Lots and lots and lots.
Which to some, particularly my children, would be self-evident, but to a teacher, especially one who has been teaching a long time, is problematic. Because there is a great deal that I do know after having been in a classroom for 20 years. The problem is that so much of what I do know about teaching may no longer be relevant.
Anyone who has been teaching in Ontario for the past 5 years, knows one thing for certain. We have been inserviced to death on new teaching methods. Every week we are presented with yet another add-on: data collection, flexible groupings, modelled, shared and guided reading, differentiated instruction, multiple-intelligences, critical literacy, technology integration, data bases, school improvement plans, improving EQAO scores, …. It has reached such a terrible point, that many wonderful, cabable amazing teachers feel incompetent and uncertain and overwhelmed and saddest of all: Ready to Quit.
What should we as teachers be doing? How do we make sense out of all THAT STUFF? How does all THAT STUFF fit together? Why do “they” keep piling on more and more and more? Why do “they” keep asking me to change my practice? I am a good teacher. Students in my class learn. What’s the purpose behind all of this change?
I have come to realize, after a great deal of reflection that education in the 21 century is going to be very different. We are at the floundering about stage of change and no one knows exactly what learning and teaching will look like, but there is a vast, global network of researchers, technology specialists, educators and most importantly of all -students, who are in the process of finding out. And, unless we are prepared to experiment and take risks in our classrooms with what they are telling us, we will not move forward. Our teaching practice will have become irrelevant.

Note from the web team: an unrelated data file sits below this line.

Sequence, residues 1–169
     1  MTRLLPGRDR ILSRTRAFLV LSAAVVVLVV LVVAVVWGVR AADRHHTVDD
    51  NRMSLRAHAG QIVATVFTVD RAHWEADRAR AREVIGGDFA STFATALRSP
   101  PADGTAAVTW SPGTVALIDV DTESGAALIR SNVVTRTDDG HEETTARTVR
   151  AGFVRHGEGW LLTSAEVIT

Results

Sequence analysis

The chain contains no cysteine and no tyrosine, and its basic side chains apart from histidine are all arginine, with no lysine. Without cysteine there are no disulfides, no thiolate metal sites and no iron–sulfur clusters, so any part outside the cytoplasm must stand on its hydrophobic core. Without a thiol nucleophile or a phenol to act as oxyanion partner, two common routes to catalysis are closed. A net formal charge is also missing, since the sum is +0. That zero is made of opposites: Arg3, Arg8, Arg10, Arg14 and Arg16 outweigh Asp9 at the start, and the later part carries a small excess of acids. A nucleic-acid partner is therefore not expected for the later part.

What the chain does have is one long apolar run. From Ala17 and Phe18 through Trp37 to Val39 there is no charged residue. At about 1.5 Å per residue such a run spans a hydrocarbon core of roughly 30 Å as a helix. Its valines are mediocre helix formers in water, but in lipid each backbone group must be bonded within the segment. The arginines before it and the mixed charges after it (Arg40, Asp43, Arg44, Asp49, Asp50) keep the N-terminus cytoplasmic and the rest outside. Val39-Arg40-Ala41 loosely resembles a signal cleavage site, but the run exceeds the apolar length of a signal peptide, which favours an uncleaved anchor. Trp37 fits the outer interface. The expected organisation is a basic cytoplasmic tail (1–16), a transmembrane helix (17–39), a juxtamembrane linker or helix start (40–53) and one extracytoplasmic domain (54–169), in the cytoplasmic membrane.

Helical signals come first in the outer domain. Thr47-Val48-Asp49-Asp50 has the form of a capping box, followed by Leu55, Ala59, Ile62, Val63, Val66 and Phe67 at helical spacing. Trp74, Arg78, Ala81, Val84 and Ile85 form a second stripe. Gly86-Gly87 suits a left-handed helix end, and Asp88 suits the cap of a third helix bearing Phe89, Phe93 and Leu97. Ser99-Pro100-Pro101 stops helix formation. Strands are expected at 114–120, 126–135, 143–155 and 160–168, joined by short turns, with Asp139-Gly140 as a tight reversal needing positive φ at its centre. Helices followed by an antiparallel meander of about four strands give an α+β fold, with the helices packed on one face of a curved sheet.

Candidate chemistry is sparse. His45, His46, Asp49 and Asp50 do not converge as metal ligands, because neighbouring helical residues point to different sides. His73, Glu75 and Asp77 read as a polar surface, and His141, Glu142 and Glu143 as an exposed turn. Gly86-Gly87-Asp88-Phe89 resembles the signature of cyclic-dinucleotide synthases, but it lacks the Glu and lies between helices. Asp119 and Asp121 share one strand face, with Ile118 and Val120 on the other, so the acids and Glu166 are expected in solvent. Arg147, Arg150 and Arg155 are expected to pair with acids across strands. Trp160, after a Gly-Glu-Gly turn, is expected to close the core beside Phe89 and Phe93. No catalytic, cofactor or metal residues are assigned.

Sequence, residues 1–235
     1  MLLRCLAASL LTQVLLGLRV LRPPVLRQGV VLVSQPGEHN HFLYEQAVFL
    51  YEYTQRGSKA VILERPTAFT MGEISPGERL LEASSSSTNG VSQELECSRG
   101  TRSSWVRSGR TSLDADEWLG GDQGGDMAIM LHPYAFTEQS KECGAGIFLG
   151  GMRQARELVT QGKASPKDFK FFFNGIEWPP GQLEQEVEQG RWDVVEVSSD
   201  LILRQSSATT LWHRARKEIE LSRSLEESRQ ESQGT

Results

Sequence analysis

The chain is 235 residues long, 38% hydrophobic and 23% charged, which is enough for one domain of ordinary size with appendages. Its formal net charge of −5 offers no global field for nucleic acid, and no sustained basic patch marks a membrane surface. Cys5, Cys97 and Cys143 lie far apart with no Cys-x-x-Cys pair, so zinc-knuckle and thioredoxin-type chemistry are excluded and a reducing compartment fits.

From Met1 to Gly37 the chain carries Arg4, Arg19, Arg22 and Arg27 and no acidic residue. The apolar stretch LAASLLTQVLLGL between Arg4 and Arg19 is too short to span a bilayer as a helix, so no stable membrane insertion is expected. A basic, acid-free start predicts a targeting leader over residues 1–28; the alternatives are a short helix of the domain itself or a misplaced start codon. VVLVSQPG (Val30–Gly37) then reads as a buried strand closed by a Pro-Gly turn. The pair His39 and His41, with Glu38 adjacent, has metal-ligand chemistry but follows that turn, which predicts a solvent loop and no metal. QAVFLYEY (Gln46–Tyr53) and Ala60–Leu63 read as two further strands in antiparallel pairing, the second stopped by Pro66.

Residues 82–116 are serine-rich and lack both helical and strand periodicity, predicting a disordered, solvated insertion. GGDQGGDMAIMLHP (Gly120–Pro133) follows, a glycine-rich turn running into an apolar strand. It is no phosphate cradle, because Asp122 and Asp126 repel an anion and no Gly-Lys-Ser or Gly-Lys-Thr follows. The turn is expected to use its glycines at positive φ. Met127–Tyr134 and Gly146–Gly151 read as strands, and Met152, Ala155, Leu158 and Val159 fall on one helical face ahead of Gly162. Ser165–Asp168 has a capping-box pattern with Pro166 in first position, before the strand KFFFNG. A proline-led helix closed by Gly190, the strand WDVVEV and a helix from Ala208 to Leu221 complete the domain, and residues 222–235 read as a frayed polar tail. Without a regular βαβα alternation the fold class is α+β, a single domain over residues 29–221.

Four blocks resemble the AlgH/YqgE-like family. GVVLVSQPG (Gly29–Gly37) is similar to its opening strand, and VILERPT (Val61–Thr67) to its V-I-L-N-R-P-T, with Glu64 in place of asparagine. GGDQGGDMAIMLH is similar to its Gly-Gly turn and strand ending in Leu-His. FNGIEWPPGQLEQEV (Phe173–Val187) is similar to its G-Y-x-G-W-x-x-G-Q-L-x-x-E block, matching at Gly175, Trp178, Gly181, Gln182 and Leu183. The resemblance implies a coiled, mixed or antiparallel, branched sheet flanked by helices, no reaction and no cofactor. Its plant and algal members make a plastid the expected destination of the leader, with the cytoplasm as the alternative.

So, as an educator, I am not interested in what I already know about teaching. I will continue to use my well-honed skills as they are necessary. It is what I do not yet know that intrigues and excites me. I feel that I am on the precipice of an incredible canyon and once I jump, I will be in a whole new world of learning. I now belong to a global network of educators who are moving forward – one step behind our students.
This blog and my website (which is underconstruction) will document this process. I will share lessons, ideas, pictures of my classroom, videos – whatever can be shared – to assist and encourage other teachers to make the leap into 21st century learning.